In the event that wind generation cannot keep up with demand, on-demand dispatchable generators, such as batteries, will help keep the ERCOT system afloat. But, he warns, they have “limited duration.” Once they run out of power, there is no more to give.
Therefore, the greatest risk of ERCOT rolling blackouts during heat waves could be around 9 p.m., when solar energy is no longer available, and wind generation or on-demand dispatchable generators can’t keep up with the demand. ERCOT CEO Pablo Vegas and Lake say ERCOT will communicate early and often with Texans when tight grid conditions arise.
“The high-risk scenarios in this report are low-probability scenarios,” said Vegas. “We do expect the grid to be reliable, but we want to be upfront and communicate openly and transparently to all consumers to the kinds of risks that we do see.”
In response to the press conference on Wednesday, renewable energy supporters, such as Luke Metzger, the executive director of Environment Texas, said the renewable energy in Texas should be “heralded and welcomed” and not blamed for potential problems with the grid this summer.
“We do need to make more fixes to the grid. Solutions include further weatherization of power plants and the fuel supply, more energy efficiency, more batteries, and interconnecting our grid with the rest of the country’s,” Metzger said in a press release. “These solutions will also protect the environment and consumers. Prolonging our dependency on pollution-spewing, fossil-fuel power plants is not the answer.”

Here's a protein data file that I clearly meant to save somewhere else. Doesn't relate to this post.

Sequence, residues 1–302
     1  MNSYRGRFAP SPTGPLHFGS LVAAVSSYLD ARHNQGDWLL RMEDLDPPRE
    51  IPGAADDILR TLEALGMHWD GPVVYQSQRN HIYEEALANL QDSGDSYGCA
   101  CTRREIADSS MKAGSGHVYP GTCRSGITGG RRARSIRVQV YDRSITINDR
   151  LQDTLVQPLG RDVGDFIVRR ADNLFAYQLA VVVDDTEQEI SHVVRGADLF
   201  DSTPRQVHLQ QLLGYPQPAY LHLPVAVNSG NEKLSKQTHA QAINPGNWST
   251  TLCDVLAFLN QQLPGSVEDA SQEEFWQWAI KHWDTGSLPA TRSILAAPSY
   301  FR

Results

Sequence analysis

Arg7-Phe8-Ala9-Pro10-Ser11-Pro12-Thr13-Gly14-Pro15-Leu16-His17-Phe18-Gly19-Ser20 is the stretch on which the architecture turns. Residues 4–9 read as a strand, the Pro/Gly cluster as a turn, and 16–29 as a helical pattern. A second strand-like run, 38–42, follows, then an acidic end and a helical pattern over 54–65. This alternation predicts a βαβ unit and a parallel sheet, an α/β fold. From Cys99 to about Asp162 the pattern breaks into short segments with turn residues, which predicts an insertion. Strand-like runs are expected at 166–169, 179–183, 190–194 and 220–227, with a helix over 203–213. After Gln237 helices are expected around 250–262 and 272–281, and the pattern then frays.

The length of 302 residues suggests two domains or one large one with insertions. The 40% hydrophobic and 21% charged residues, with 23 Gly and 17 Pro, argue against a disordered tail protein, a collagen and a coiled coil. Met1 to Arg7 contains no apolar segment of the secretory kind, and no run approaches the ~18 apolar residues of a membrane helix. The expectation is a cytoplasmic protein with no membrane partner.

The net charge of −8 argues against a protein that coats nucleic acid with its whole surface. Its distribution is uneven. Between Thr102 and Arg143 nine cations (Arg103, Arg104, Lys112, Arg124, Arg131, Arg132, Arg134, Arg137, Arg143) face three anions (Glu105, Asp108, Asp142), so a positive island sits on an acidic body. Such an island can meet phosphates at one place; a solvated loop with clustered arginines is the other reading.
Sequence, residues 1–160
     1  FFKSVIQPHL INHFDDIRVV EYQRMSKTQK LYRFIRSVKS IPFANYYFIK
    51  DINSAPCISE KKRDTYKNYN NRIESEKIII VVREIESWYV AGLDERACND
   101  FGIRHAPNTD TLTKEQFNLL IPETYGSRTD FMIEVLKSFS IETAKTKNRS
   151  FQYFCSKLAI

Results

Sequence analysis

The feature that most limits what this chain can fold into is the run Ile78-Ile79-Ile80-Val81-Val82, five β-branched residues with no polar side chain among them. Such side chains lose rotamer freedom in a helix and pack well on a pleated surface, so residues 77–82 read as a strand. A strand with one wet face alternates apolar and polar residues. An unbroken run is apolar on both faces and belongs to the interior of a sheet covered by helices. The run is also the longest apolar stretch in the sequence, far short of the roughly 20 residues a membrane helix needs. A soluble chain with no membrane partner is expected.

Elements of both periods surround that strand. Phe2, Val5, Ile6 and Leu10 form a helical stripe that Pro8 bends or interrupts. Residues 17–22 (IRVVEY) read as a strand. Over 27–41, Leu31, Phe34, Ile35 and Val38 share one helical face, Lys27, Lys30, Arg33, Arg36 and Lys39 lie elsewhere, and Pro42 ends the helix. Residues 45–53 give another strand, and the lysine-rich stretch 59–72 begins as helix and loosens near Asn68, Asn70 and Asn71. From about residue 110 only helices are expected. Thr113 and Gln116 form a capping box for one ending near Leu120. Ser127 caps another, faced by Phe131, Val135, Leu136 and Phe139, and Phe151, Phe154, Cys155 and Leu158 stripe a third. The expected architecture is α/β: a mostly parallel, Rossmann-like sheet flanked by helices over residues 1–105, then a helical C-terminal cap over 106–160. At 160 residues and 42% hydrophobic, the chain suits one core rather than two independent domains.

More than two years ago, the power grid nearly collapsed in Texas during a harsh winter storm, which resulted in more than 50 fatalities and left millions of Texans without power or heat during the deep freeze that followed the storm.
Texas leaders, including Gov. Greg Abbott, blamed renewable energy for the failure, but according to the Texas Tribune, a later analysis showed that all types of power generation were faulty during the storm.
AccuWeather’s team of long-range forecasters, led by Senior Meteorologist Paul Pastelok, released its U.S. summer forecast on Wednesday. The forecast calls for widespread heat across a large swath of Texas this summer.
Although the long-term summer forecast does not explicitly state how many heat waves are likely this summer for Texas, it does expect the state to run at least 1 to 2 degrees Fahrenheit above the historical average.
Western and northern Texas will likely experience temperatures 3 to 4 degrees above the historical average, according to Pastelok’s forecast.
These higher temperatures will lead to a rise in the cooling demand. Parts of the Lone Star State are forecast to have an above-average cooling demand this summer, which could result in elevated energy usage.
It is important to note that major Texas cities, such as Dallas, Austin, San Antonio and Houston, and their surrounding metro areas, which account for more than half of the state’s population, are forecast to have an average cooling demand this year.
Produced in association with AccuWeather
Edited by Alberto Arellano and Joseph Hammond